So for my little logo for this site I have:
I made this myself using free resources I found online. The gold letters I made using GIMP. It’s really, really easy to do, and not only is it a way to get comfortable using GIMP so you can up your skills for creating, blogging, etc. but it can really be a great way to make graphics pop.
GIMP stands for GNU Image Manipulation Program and it’s totally free and open source. It’s a good alternative to programs like PhotoShop, which I know for some can be prohibitively expensive, especially if you’re a really casual user. I’ve used both, and while I like the interface and options for PhotoShop, for my needs GIMP works really, really well. If you don’t already have it, you can download it here, and the site also has more tutorials and tips and hints if you need them.
So now you need to decide what you want your text to look like! Do you want a gold foil look? Maybe silver? Pretty much any picture you can find you can convert to a pattern. It’s very important to remember, however, that some images are copyrighted. How are you going to be using your text? Is it just for a personal project, or is it for a commercial use? Make sure that you have permission to use whatever image you use! There are lots and lots of free images you can use online, though, so it shouldn’t be hard to find something you like. And don’t forget – you can always take a photo yourself! For this tutorial, I found an image on Pixabay, which has a lot of free stock photos you can use. I used this gold texture, which is free for commercial use with no attribution required.
This is where you’ll actually need to fire up GIMP! If you’ve never used it before, it can seem a little intimidating. I personally don’t care for the interface, and if you’ve never used a graphics program it might be a bit overwhelming at first. Don’t be afraid to play around! You can figure out how to do a lot just by trial and error. To put the gold texture onto your text, you’ll need to make it into a pattern. First, open the photo of your gold foil/whichever texture you’ve chosen. Then go to Select > All. Then Edit > Copy. Then, all you need to do is go to Edit > Paste as… > New Pattern. Name your pattern something descriptive like “gold” and then save! You’re done! It’s really that easy. And you can do this for pretty much any image.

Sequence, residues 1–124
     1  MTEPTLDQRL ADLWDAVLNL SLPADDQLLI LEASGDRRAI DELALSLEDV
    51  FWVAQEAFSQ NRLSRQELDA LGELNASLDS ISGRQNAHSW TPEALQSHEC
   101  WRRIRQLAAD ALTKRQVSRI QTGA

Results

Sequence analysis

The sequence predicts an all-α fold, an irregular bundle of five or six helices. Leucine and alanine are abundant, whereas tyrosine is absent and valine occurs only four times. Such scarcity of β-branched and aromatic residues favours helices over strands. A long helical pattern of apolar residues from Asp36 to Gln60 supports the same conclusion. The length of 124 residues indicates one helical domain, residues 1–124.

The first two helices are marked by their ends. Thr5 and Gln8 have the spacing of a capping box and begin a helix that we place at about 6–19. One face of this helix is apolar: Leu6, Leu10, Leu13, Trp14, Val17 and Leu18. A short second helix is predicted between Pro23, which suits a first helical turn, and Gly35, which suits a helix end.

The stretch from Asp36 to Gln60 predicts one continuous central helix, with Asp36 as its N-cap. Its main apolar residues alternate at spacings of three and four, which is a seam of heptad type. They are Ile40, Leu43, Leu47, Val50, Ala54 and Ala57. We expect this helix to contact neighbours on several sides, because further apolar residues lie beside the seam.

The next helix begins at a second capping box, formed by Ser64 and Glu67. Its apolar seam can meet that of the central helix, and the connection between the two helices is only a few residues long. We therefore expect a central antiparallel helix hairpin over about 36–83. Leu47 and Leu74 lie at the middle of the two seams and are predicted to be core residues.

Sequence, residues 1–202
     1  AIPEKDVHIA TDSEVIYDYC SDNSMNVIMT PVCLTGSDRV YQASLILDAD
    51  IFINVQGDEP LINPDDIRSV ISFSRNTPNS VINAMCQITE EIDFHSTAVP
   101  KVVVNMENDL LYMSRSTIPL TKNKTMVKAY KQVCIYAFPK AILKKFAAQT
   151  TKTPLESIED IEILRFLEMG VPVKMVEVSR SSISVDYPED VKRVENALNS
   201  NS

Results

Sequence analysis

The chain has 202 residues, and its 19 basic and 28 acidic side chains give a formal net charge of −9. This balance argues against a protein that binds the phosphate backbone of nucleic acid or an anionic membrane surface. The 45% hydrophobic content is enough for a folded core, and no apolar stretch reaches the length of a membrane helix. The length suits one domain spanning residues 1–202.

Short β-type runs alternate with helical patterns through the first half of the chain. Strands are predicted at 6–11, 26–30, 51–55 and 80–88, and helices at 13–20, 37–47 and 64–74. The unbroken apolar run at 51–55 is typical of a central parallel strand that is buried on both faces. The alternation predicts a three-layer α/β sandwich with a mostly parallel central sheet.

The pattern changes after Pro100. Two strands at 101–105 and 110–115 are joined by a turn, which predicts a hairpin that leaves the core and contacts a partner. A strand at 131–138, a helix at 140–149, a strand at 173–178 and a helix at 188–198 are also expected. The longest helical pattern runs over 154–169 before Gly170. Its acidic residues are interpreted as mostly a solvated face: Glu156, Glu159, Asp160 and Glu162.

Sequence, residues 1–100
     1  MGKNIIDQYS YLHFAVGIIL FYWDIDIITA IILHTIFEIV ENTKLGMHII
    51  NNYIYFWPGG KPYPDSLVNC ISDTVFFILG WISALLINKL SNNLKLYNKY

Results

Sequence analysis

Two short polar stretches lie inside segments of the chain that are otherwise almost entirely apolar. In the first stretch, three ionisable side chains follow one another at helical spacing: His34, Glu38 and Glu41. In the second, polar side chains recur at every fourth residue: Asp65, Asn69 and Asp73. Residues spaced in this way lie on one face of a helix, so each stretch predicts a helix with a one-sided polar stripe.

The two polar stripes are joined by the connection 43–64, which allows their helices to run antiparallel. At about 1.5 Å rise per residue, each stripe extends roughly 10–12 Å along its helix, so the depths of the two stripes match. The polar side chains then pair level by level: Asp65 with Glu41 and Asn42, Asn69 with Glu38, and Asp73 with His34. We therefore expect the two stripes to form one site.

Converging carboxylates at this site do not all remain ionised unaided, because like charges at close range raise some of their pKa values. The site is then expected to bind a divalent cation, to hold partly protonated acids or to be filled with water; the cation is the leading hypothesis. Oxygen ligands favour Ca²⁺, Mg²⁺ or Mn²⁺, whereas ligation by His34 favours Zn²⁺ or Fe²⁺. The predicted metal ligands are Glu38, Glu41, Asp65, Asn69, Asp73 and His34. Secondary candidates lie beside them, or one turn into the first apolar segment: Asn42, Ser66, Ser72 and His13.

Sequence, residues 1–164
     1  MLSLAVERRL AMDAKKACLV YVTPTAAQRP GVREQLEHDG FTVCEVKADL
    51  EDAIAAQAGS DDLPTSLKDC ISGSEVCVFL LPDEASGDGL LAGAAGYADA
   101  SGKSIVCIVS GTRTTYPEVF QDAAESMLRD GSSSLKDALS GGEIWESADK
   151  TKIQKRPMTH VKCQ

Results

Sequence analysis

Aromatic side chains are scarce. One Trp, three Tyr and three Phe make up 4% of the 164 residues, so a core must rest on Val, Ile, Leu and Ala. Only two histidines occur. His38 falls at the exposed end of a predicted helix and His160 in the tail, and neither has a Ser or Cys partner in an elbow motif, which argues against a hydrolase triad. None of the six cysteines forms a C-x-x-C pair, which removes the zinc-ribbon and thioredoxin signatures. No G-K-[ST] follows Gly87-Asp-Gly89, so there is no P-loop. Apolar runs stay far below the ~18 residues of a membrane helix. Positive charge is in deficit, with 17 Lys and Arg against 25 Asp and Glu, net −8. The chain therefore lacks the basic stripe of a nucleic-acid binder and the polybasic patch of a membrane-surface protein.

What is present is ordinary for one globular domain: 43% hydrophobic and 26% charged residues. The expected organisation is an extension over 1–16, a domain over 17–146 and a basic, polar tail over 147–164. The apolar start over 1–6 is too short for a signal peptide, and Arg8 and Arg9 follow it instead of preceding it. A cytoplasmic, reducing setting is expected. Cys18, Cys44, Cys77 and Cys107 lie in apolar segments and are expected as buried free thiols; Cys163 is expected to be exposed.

*NOTE: for big projects, you want a repeating pattern. This method I’ve shown here is good for small projects where it doesn’t matter if the edges line up or not. If you’re going to be filling a large canvas with a pattern, you want it to be seamless.
Write Your Word!
Now, decide what you’d like to make gold! For this tutorial, I did the word “hello.” And as you can see in the post banner, I did “easy” as well! So in GIMP, start a new project by going to File > New. You can make the canvas whatever size you want. 800×600 is a nice, large workspace. IMPORTANT: click on Advanced Options and use the dropdown menu to set Fill With: Transparency. It’s very, very important to have a transparent background.
Select the Text Tool (large black “A”) and choose the font you want. Just like different textures, there are a ton of really beautiful fonts available online. Again, make sure that whichever you choose, you have permission to use it! Many fonts are available for personal use, but not all are free for commercial use, so just double check. If you’d like a tutorial on how to install and use new fonts, leave a comment and I’ll try to make one! For this, however, I used one of the pre-installed fonts called “Amarillo.”
Once you’ve got your font selected, click anywhere on your canvas, and then type the word you’d like to make gold. I used the word “hello.” If you’re using a big canvas – like 800×600 like I did – you may want to increase the size, as well. I set mine to 160.
Go to Select > By color and click anywhere on your word. That will select only the word. Go to the patterns dialog (also Shift+Ctrl+P) and select the pattern you just made. Then go to Edit > Fill with Pattern. And now your text is gold!
Save and Use!
Click Select > None to de-select your text. Now you can save it! I recommend cropping your canvas so that you don’t have all that empty space. Click the Crop Tool, which looks like a little x-acto knife or scalpel, then draw a box around your word. Hit “Enter.”
To save, go to File > Export As. Name the file whatever you’d like, but make sure that the file extension is .png. Save as a PNG! This keeps the transparent background. You want it to be transparent so that when you insert your new pretty word into a project, it’s only the word and not a white background.
And there you go! Ready to use! Just insert the picture file into whatever project you’re working on. You can use this same technique with pretty much any pattern, as well.
If you have any questions or if something was unclear, leave a comment and I’ll try to clarify for you! I’m not an expert by any means, I just know how to do a few little things like this, and for other creative parent-types out there, I thought it might to fun to share! And if you make something, feel free to share a pic or a link so I can check it out!